A patient broker from Alabama, Gloria Himmons, was charged with receiving the kickbacks to supply the Medicare beneficiaries.
Kallen-Zury attempted to conceal the kickbacks by creating false documents to make it appear as if the services were legitimate, prosecutors said.
Kallen-Zury’s lawyer, Pasano, described his client as a hard-working woman who took over the 40-year business from her father and has lived an honorable life catering to women and men with psychological illnesses, such as schizophrenia and bipolar disorders.
Over the past two years, the Justice Department has scored dozens of convictions in major mental-healthcare fraud cases against two Miami-Dade based psychotherapy clinics, American Therapeutic and Biscayne Milieu, which fleeced Medicare for tens of millions of dollars. American Therapeutic’s one-time owner, Lawrence Duran, is serving a 50-year prison sentence — the stiffest punishment ever against a Medicare fraud offender.
Cooperating defendants in those and related cases helped prosecutors build their indictment against Hollywood Pavilion, according to court records.
Among the other indictments unveiled in South Florida Thursday were cases against these Miami-Dade medical providers:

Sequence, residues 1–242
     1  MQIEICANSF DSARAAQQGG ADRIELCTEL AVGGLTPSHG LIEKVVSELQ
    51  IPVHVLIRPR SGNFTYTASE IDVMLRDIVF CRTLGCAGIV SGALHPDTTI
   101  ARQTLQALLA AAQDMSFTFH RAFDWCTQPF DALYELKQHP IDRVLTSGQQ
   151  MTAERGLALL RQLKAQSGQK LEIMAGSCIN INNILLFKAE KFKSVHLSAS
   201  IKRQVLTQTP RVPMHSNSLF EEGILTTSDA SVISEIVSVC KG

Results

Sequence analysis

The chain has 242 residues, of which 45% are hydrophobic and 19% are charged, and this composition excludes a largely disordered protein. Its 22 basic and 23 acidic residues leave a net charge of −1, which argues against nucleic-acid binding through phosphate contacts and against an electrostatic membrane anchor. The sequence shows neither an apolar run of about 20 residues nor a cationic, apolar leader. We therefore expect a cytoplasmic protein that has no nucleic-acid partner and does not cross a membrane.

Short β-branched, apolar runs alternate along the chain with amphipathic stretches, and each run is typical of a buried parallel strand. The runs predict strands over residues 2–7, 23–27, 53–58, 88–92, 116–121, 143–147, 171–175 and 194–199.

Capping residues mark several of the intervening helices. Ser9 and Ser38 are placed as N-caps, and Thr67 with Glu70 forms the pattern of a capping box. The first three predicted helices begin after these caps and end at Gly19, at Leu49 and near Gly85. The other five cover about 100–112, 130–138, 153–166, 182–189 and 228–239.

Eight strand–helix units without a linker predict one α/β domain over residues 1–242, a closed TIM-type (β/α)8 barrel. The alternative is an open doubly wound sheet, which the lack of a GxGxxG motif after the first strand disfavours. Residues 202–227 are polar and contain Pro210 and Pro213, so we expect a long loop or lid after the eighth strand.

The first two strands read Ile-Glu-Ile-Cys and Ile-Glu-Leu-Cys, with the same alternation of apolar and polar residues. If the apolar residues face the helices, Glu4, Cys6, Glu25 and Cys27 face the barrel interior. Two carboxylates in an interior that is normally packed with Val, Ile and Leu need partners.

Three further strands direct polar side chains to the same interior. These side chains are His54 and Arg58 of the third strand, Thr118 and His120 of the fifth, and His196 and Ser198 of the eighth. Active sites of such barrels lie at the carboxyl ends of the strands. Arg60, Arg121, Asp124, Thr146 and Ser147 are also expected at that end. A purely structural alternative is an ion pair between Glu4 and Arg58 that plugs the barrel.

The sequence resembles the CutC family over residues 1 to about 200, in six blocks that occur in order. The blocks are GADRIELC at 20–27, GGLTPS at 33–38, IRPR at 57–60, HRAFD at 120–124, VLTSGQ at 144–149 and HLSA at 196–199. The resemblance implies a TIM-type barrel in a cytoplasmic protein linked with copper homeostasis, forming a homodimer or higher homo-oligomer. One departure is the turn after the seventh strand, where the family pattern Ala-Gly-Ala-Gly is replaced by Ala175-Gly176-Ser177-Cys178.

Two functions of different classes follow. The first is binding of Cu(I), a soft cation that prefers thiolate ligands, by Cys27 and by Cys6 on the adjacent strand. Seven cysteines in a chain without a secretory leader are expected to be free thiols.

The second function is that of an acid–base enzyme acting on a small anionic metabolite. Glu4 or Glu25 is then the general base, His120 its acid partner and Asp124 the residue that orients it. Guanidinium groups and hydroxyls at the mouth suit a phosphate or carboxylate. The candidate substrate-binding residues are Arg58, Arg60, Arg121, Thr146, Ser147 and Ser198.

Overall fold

• Sila Luis, owner of LTC Professional Consultants, who was charged with paying kickbacks to recruiters and patients, allegedly submitted false claims for skilled nurses to administer insulin injections for homebound patients who didn’t need the services. Co-defendant Elsa Ruiz, owner of Professional Home Care Solutions, was also charged with paying bribes to carry out the same scheme.
Their two businesses submitted $74 million in fraudulent bills to Medicare for purported skilled nursing and physical therapy services, according to an indictment. As a result, the federal program paid out $50 million.
• Rogelio Rodriguez, owner of Caring Nurse Home Health and Good Quality Home Health, was charged with a similar scheme to bilk Medicare for purported nursing services to treat homebound diabetic patients. His companies, which filed $53 million in phony claims, were paid $34 million, according to an indictment.
Also charged in the case: Raymond Aday, a recruiter who allegedly received kickbacks from Rodriguez for supplying Medicare patients for the home care businesses.